or I'll shoot.” Deputy Skartwed was nearby, but did
not hear this alleged statement.
Coggins came to a stop in the backyard, Gonzalez stood near a
cinderblock wall and was “bladed” (i.e.,
at ¶ 90-degree angle) toward Coggins. Gonzalez
“punched out” his right arm - meaning that he
fully extended his arm as if aiming a gun - toward Coggins.
Gonzalez was holding a dark object in his hand. Coggins
believed the dark object was a firearm, based on
Gonzalez's body position and statements. Based on all of
these factors, Coggins believed Gonzalez was preparing to
fired four shots, striking Gonzalez four times. Deputy
Skartwed arrived in the backyard after the shots were fired.
Gonzalez died on scene from his injuries. Deputy Skartwed
left Coggins unattended with Gonzalez's body on several
occasions. Investigating officers recovered a holstered
handgun, identified by Gonzalez's children as the one he
regularly carried in his waistband.
2017, BCSO had a code of ethics, rules, and procedures in
effect. Officers wore tape recorders (belt tapes) and were
required to activate these tapes during or in anticipation of
traffic stops and/or situations involving resisting, evading,
or obstructing an arrest. Use of the belt tape is mandatory.
BCSO further required officers to preserve and collect
physical and testimonial evidence for courtroom presentation,
though not everything on scene that contains blood must be
collected as evidence.
case of an officer-involved shooting, BCSO policy mandates
videotaped documentation of the scene. This could and should
have been done after the Gonzalez shooting, but it was not.
James Fredrickson, the lead investigating officer, personally
made the decision not to collect or preserve the cinderblocks
on scene, and determined that preservation or testing of the
cinderblocks would not have assisted in the investigation.
Gonzalez's handgun, recovered from atop a cinderblock,
did not have any blood on it.
Rodriguez (Rodriguez), as personal representative of
Gonzalez's estate, brought this case against Coggins and
the other County Defendants, alleging Coggins violated
Gonzalez's Fourth Amendment right to be free from the use
of excessive force.
Standard of Review
judgment is appropriate if there is no genuine dispute as to
a material fact and the movant is entitled to judgment as a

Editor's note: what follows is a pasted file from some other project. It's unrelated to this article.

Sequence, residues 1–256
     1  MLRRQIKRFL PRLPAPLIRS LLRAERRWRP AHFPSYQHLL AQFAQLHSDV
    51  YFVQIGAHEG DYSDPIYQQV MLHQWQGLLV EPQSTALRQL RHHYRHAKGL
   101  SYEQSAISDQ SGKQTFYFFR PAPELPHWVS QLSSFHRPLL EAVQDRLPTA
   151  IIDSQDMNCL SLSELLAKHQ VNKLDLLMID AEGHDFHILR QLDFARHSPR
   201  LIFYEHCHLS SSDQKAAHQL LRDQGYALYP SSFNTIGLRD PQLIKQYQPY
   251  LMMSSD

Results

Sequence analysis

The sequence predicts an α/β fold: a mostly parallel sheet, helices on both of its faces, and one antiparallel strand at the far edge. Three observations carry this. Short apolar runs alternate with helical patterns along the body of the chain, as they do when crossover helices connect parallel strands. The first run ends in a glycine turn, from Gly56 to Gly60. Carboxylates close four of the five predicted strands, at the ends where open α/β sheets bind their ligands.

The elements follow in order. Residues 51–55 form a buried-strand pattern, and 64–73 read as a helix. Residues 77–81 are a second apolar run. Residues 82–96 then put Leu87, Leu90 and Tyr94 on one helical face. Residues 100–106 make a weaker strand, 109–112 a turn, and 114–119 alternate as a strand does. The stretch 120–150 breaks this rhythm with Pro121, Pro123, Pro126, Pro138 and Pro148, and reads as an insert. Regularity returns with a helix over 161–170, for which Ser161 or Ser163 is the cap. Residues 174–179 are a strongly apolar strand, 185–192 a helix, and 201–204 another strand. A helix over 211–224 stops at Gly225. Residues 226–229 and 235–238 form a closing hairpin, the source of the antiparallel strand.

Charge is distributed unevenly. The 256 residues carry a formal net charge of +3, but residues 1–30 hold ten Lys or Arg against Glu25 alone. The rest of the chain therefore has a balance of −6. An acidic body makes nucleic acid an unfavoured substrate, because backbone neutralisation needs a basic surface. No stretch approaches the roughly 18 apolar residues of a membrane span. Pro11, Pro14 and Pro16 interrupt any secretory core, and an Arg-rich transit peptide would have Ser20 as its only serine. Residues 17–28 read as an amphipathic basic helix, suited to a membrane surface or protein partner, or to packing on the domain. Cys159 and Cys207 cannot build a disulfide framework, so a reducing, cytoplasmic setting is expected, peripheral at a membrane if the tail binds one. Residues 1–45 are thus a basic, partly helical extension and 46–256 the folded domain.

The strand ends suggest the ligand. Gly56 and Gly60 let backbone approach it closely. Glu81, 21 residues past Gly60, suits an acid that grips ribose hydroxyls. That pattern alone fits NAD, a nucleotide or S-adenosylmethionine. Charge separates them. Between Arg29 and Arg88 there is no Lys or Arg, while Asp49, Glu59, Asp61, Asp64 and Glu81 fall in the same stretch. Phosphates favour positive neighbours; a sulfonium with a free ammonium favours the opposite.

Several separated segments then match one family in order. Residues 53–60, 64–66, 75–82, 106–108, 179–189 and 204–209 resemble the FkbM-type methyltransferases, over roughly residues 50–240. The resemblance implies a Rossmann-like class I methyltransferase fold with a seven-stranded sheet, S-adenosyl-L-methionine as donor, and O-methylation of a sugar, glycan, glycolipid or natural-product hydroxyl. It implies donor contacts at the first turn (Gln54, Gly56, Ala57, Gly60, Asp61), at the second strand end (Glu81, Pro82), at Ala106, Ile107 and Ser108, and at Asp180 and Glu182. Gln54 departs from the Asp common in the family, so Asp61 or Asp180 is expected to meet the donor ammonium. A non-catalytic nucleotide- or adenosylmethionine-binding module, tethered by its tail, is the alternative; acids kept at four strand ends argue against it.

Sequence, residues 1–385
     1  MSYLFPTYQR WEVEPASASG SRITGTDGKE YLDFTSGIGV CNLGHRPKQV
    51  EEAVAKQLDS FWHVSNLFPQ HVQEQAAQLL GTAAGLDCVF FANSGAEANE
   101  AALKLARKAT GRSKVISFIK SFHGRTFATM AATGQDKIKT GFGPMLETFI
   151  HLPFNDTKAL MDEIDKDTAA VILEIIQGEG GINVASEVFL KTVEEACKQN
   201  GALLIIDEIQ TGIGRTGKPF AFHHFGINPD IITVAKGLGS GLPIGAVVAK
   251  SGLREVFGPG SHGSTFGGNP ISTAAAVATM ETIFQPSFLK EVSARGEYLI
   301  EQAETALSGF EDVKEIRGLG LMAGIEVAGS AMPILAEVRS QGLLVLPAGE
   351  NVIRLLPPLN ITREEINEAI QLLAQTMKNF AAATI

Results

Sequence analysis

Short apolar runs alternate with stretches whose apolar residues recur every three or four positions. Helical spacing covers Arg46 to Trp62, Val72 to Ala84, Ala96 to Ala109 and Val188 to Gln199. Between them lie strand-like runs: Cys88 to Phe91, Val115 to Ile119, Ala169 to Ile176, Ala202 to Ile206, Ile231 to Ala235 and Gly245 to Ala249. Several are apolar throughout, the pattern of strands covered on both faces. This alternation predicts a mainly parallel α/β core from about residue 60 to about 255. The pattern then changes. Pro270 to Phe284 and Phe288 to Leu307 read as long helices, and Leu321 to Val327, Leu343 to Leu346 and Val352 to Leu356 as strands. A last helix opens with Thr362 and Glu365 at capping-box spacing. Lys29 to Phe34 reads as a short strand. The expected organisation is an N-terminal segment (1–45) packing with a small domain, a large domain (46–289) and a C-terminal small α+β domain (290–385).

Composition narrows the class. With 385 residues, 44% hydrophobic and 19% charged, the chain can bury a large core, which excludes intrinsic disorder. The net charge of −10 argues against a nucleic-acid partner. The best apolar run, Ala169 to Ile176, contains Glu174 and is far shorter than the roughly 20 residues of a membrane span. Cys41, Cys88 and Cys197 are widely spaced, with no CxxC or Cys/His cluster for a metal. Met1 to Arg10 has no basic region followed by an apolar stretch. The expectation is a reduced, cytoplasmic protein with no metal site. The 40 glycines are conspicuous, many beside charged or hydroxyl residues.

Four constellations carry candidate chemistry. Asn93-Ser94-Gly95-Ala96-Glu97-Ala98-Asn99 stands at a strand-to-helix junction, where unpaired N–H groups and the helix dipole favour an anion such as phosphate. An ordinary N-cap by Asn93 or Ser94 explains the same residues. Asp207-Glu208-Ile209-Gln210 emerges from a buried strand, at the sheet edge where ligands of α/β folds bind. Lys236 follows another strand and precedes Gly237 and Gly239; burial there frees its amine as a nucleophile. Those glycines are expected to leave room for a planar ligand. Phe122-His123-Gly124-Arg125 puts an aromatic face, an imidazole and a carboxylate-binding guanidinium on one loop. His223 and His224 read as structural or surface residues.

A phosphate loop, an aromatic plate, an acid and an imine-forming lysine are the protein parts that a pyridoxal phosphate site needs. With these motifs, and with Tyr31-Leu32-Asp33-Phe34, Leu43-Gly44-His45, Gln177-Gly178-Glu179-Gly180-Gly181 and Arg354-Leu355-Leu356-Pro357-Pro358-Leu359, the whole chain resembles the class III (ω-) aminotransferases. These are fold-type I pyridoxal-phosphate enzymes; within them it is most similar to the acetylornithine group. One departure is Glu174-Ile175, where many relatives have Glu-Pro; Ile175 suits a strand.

matter of law. Fed.R.Civ.P. 56(a). “When applying this
standard, [the Court] view[s] the evidence and draw[s]
reasonable inferences therefrom in the light most favorable
to the nonmoving party.” Scull v. New Mexico,
236 F.3d 588, 595 (10th Cir. 2000) (internal quotation marks
omitted). The movant bears the initial burden of showing the
absence of a genuine issue of material fact, then the burden
shifts to the non-movant to provide evidence of a genuine
issue of material fact. Celotex Corp. v. Catrett,
477 U.S. 317, 325 (1986); Bacchus Indus., Inc. v. Arvin
Indus., Inc., 939 F.2d 887, 891 (10th Cir. 1991).
Evidence presented need not be in admissible form, but must
be capable of presentation in admissible form. Fed.R.Civ.P.
56(c)(2). A fact is “material” if, under the
governing law, it could influence the outcome of the lawsuit,
and “genuine” if a reasonable jury could return a
verdict for the non-movant. Anderson v. Liberty Lobby,
Inc., 477 U.S. 242, 248 (1986); Hardy v. S.F.
Phosphates Ltd. Co., 185 F.3d 1076, 1079 (10th Cir.
1999); Kaul v. Stephan, 83 F.3d 1208, 1212 (10th
Cir. 1996) (citation omitted). A party cannot avoid summary
judgment simply by resting upon the mere allegations or
denials of his pleadings. Bacchus Indus., Inc., 939
F.2d at 891.
moves for summary judgment in her favor as a sanction for the
County Defendants' and other member of the BCSO's
failure to preserve evidence after the shooting. In support
of this argument, Rodriguez fairly argues that a party must
preserve evidence that may be relevant to future litigation,
and that the County Defendants' failures were ...